Lizy: Aha, the word “ahí” is an adverb that means “en ese lugar”, “in that place.”
Alan: Right, but we often translate it as “there” or “over there.”
Lizy: Also notice that this word is spelt “a-h-í” with an accent.
Alan: There is a word that means the same thing which is “allí” spelled “a-l-l-í” with an accent. Now you can use these interchangeably.
Lizy: Synonyms can be difficult.
Alan: That’s right. Stick around for today’s grammar point. Okay, time to look at some grammar.
Lizy: Today’s topic.
Alan: Words that make other words just sound better.
Lizy: How so?
Alan: Well, they describe their adjectives.
Lizy: Adjectives are modifiers.
Alan: Adjectives are our friends because they modify.
Lizy: Aha, yeah that’s why they are called modifiers.
Alan: That’s right. They shape the meanings of a noun by describing its characteristics.
Lizy: “Asistencia médica”, “medical assistance”, as an example of this.
Alan: Now in Spanish, there is a fairly well established set of rules by which we use adjectives.
Lizy: Right. Today we are going to consider two aspects of adjectives.
Alan: That’s right. Agreement and placement and trust me guys, this makes a huge difference.
Lizy: Okay, first we should say that adjectives are either singular or plural.
Alan: This way of breaking down the group in two is called “el número”, “the number” of the adjective.
Lizy: How is number shown, Alan?
Alan: Well, number shown in the ending of the word.
Lizy: Masculino.
Alan: “Medic-” plus “os”, “médicos”, that’s masculine and “medic-” plus “as” is “médicas”, feminine.
Lizy: We call this inflection. Also shown in the ending is the gender of the word not to be confused with the sex of a person.
Alan: So then we know it is a safe assumption to say that adjectives are either masculine or feminine.
Lizy: That takes care of the first aspect. Now let’s go to the second.
Alan: Now that would be placement. Lizy, would you be so kind?
Lizy: Adjectives are normally placed after the noun they modify. So in the example “la asistencia médica aquí es siempre muy buena”, “the medical attention here is always very good.” Notice that the adjective “médica” comes after the noun which it modifies, “asistencia”.
Alan: That would be normal placement but there are exceptions to every rule.
Lizy: When we want to place more emphasis on the characteristic being attributed to the meaning of the noun than to the meaning of the noun itself.
Alan: Examples always help.
Lizy: “¿Has visto mi camisa roja?”
Alan: “Have you seen my red shirt?”
Lizy: “Ha sido una noche larga.”
Alan: “It’s been a long night.”
Lizy: “Nunca recibo tus correos electrónicos, no sé qué pasa”.
Alan: “I never receive your emails, I don’t know what the deal is.”
Lizy: So once again, these are normal examples of placement.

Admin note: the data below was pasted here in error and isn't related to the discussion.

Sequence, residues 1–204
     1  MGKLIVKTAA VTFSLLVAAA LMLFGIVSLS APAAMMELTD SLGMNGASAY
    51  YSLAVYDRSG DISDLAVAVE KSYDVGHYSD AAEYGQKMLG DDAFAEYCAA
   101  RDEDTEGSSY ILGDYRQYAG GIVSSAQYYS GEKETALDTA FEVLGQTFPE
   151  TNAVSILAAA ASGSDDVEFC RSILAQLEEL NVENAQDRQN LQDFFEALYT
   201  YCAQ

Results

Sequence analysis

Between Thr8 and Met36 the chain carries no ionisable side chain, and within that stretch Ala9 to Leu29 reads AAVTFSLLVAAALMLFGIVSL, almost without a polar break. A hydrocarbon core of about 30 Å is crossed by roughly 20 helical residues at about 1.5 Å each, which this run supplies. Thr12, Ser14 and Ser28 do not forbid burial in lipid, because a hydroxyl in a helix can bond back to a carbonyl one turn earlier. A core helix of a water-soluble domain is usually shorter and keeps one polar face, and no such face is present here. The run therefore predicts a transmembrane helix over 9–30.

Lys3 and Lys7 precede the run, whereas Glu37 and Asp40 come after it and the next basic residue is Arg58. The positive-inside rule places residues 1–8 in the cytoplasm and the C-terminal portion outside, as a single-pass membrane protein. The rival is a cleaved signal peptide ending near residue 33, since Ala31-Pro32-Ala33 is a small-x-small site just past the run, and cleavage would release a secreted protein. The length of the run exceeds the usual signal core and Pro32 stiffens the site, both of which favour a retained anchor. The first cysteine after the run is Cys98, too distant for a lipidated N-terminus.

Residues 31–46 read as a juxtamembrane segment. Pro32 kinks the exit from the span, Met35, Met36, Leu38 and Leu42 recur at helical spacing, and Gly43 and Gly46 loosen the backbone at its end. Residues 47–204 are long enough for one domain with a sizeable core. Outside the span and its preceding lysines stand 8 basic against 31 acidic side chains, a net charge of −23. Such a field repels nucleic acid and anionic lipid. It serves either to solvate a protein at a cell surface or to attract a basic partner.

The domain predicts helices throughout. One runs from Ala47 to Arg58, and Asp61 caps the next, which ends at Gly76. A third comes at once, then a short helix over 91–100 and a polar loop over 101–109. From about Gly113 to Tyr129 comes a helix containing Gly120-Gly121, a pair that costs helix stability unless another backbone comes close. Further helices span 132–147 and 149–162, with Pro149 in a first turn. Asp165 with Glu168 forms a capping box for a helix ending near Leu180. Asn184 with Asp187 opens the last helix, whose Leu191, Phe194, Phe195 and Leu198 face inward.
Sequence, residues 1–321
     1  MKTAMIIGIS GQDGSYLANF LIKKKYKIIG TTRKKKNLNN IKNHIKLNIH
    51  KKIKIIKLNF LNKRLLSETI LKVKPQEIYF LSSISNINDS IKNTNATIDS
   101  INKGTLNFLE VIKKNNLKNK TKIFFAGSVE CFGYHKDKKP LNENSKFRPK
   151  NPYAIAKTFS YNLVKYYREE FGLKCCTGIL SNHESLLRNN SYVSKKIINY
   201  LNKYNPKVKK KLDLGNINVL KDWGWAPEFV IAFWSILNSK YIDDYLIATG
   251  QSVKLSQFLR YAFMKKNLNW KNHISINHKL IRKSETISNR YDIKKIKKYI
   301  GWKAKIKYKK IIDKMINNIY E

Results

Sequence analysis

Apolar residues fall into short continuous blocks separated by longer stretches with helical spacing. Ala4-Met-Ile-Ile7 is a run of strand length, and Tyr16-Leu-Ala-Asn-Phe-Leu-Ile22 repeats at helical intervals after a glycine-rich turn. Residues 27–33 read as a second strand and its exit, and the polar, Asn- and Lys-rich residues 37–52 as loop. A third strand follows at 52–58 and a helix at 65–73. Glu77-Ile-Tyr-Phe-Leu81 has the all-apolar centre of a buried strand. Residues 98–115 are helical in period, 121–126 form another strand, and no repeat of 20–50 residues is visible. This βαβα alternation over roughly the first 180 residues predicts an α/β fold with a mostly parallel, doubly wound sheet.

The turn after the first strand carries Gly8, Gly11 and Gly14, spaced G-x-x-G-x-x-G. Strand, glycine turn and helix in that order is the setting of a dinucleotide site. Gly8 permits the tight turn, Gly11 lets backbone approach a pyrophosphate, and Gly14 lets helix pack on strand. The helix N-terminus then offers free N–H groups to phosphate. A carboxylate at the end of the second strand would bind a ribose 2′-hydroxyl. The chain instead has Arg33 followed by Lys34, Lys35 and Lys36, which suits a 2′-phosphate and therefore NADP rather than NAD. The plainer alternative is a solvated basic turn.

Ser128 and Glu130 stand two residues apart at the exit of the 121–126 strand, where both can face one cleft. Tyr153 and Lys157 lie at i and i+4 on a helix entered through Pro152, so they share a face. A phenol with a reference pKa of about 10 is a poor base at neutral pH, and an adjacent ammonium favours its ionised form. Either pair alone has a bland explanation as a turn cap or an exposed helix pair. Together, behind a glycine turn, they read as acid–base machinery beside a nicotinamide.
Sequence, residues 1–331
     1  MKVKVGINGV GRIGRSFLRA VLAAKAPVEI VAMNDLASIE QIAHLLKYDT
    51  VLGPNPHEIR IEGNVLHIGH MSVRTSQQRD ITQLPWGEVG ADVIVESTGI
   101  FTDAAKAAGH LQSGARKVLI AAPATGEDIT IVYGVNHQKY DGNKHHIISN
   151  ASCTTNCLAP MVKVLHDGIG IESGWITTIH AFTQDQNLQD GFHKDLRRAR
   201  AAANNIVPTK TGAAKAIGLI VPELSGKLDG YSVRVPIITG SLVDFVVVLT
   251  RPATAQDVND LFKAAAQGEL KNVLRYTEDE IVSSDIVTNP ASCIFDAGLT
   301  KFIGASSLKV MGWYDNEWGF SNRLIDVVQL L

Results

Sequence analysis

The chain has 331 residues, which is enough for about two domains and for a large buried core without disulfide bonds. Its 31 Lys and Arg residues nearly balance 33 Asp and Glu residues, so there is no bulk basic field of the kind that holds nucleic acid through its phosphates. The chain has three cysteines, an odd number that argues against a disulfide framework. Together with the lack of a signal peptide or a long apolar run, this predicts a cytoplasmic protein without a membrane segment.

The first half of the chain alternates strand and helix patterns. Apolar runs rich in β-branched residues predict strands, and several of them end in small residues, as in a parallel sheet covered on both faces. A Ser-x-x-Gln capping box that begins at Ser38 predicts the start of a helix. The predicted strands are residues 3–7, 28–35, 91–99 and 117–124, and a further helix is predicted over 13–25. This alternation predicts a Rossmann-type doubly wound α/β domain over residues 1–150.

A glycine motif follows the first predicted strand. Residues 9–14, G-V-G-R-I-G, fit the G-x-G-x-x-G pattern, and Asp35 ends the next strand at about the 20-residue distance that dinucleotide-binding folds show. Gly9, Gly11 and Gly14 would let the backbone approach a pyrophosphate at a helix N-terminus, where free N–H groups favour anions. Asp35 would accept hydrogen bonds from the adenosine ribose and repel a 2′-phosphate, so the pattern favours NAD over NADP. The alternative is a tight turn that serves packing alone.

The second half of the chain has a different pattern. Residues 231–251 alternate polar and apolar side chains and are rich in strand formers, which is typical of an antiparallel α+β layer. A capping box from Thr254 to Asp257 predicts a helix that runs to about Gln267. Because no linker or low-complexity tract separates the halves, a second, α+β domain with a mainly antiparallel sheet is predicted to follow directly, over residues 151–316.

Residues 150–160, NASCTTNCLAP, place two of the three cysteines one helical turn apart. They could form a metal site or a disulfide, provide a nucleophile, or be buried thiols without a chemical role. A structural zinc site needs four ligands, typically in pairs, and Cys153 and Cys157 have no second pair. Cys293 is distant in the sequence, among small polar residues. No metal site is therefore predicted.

Alan: Now friends, once you learn to recognize the gender and number of nouns, using adjectives is pretty easy since you just need to make sure that they agree with each other.
Lizy: Which is really just another way of saying that we need to conserve the “concordancia”, the agreement or concordance.
Alan: Unfortunately, the system is not perfect in this regard at all. So there are plenty of exceptions, Lizy.
Lizy: For example, adjectives like “verde”, “green” and “sonriente”, “smiley” end in an “E” in the singular and “ES” in the plural.
Alan: So one of these two forms is used despite the gender of the noun its modifying.
Lizy: So we would say “los niños sonrientes”, “smiley boys” as well as “las niñas sonrientes”, “the smiley girls.” In terms of their usage, adjectives are also known in Spanish to be used as a form of address.
Alan: Sometimes we call this the evocative.
Lizy: For example, if I say “Martín, escúchame”, “Martín, listen to me”, the name Martín is a form of address or the noun in the evocative. Sometimes this noun gets replaced by an adjective which assumes the quality of a noun. Linguists sometimes call it “la sustantivación del adjetivo”.
Alan: For instance, to flatter a woman.
Lizy: Note that you have a would.
Alan: Well, if I wanted to, one might say, “hola linda”, “hello beautiful” or to complain.
Lizy: Sounds more applicable.
Alan: “¡Apúrate flojo!” which means “hurry up lazy!” or to show affection often in the diminutive “ven acá, mi gordito”, “come here, my chunky monkey.”
Lizy: Chunky monkey?
Alan: Well it sounds better than “chubby.”
Lizy: I guess.
Alan: In English, to call someone “chubby” generally wouldn’t be seen in the least bit affectionate, Lizy.
Lizy: I hope that it is pointed out to people who are learning English.
Alan: That’s right. That’s one of those cultural differences that could really result in an awkward situation. Lizy, when you were studying English, did you ever make a fumble like that when you are speaking with an English speaker.
Lizy: No, I am very cautious. You know that, Alan.
Alan: Okay, all right.
Lizy: Well time for the “tarea”.


Alan: That’s right. Before we wrap up for today, it’s time to assign today’s homework.
Lizy: In today’s grammar point we covered a few different aspects of adjectives in Spanish among which gender and number are probably the most important at this stage.
Alan: So here is what you have to do. We are going to give you five phrases each of which will contain a noun and an adjective. What you have to do is translate the phrase to English and give the person and number of the noun and adjective. Ready?
Lizy: ¡Empecemos! Número 1, “la mesa antigua”. Número 2, “los hombres estúpidos”. Número 3, “una buena pregunta”. Número 4, “mis hermanas mayores”. Número 5, “esa nueva carretera”.
Alan: And remember, overachievers you can always check out the answers and the comments on the answers by downloading the premium audio track titled “tarea” which means “homework.” That just about does it for today.
Lizy: Okay that’s all for today. Take care of yourself. Thanks for listening. ¡Chao!
Alan: ¡Chao!